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Vertical Portals

2003-10-09

Vertical Portals: Vertical Portals

By Mark Burfield

Vertical portals are sprouting throughout the Internet, providing virtual communities for those sharing interests in specific industries. But today's vertical portals often are closed to companies that are perceived to compete with the vertical portal's owner and aren't fully integrated with corporate business systems – maintaining some of the same basic business inefficiencies that the Web was supposed to eliminate.

First came portals, then vertical portals. It's too easy to dismiss vertical portals as simply the fad of the year. In fact, vertical portals provide a tremendous framework for changing the way business is conducted on the Web, although you may not realize that by looking at vertical portal sites today.

Today's B2B vertical portals often provide news, research, discussion vehicles, online tools and other educational services specific to an industry. Often, through interfaces, they also support some e-commerce capabilities for their participants. But, the full potential of vertical portals won't be fully realized until they become integral parts of corporate systems and become truly open communities that provide compelling business reasons for stakeholders to participate in them.

Vertical Portals: Fully Realized Vertical Portals

Imagine a swirling vortex of water that pulls from the outside edges and brings everything into the center. This vortex delivers valuable information to all stakeholders in an online environment. The working environment combines Internet, extranet and intranet functionality to create a blend of public and private information accessible at various levels to everyone. This dynamic environment becomes a receptacle for knowledge management in which knowledge, products and services may be shared by all stakeholders based on who they are and what level of access they may have. The more content captured, the more everyone will benefit.

Fully realized vertical portals will move beyond today's simple communications and e-commerce capabilities to include innovative areas where stakeholders may:

  • Buy and sell business objects and related services.
  • Participate in user and focus groups.
  • Contribute and obtain best-practices information from a comprehensive knowledge base.
  • Contribute to and obtain market research.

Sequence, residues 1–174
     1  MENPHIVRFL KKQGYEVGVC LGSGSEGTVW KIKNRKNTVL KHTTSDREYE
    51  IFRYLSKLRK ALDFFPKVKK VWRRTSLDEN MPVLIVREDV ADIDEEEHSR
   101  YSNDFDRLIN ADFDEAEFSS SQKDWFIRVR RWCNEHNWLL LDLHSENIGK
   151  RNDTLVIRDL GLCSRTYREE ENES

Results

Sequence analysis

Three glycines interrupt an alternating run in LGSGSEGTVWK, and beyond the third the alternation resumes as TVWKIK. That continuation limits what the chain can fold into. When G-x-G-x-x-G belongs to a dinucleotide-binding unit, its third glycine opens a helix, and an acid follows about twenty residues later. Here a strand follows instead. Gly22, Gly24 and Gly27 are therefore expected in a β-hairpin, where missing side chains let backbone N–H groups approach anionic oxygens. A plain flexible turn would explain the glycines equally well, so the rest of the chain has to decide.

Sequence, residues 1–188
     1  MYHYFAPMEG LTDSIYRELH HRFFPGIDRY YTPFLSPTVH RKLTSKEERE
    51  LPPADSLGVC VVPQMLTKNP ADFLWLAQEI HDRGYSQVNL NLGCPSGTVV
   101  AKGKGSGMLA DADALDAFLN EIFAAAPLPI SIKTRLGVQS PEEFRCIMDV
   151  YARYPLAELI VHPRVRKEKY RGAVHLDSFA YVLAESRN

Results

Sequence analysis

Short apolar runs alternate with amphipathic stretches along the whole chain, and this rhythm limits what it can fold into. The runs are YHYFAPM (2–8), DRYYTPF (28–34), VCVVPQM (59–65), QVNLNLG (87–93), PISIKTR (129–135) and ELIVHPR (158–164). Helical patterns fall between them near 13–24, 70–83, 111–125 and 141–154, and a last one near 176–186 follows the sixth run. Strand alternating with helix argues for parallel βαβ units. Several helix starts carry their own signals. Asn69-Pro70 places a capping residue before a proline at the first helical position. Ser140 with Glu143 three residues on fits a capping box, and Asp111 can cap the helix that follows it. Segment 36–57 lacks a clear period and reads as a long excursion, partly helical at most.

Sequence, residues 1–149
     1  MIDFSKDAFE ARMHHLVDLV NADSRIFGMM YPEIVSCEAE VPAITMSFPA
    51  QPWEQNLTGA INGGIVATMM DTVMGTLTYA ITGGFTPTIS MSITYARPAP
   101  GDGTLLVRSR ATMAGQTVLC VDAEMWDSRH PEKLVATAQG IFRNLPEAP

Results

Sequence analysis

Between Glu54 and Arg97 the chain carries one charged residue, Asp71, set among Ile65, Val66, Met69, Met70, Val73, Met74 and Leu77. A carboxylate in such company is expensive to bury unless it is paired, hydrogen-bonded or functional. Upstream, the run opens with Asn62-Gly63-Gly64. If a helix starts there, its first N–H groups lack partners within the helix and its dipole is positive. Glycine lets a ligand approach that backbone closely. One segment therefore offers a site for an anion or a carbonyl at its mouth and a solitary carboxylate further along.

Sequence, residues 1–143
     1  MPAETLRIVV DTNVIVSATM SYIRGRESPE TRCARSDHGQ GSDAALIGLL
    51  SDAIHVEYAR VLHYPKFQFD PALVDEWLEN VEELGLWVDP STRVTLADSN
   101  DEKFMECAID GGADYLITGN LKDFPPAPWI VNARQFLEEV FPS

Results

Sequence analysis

• Obtain information and goods from the broader universe including competitors of the vertical portal owner.
  • Work directly from their corporate applications to accomplish all of this without additional hardware or software requirements.

Vertical Portals: Stakeholder-Centric Model

Consider the difference between a creator-centric vertical portal and one that is built around the needs of all stakeholders. If a vertical portal is centered around stakeholders, its value correspondingly increases the more it's used because contributions to the vertical portal (new trading partners, additions to the knowledge pool) benefit all of them. In fact, with this model, a vertical portal has the potential to generate revenue for the creator, its participating partners and even for end-user customers (by buying and selling opportunities provided). In addition, each stakeholder will likely find its own uses for the portal.

But, when vertical portal creators maintain closed communities, it reduces the overall knowledge pools and limits business opportunities. A stakeholder may want to have a business relationship with the vertical portal owner's competitor if it has a place in its value and supply chain. Why should it be restricted by factors external to its own business?

Internal System/Vertical portal Integration

Beyond the open community concept, we'll also see an increased level of integration between corporate systems and vertical portals to the point where they become indistinguishable. It isn't enough to simply interface with vertical portals using additional software. The vertical portals of tomorrow will be built from the ground up as part of corporate systems. For example, purchasing managers will be able to exploit all of the benefits of a vertical portal directly from an ERP system so internal databases automatically reflect all business activity.

There are few technical barriers to these types of advances. Rather, restrictions come from traditional business mind sets and the conversion of older business systems retrofitted for the Internet. But, with the emergence of new business thinkers and extended ERP systems, we'll likely be benefitting from these open vertical portals in the near term.


Mark Burfield is with Miracle XRP, Inc., a Wilmington, Massachusetts- based company specializing in enterprise solutions that extend ERP capabilities outside of the enterprise via the Internet to its customers' partners, customers and suppliers, enabling them to compete more effectively in the global e-marketplace. Burfield can be contacted at markb@miracle.com.

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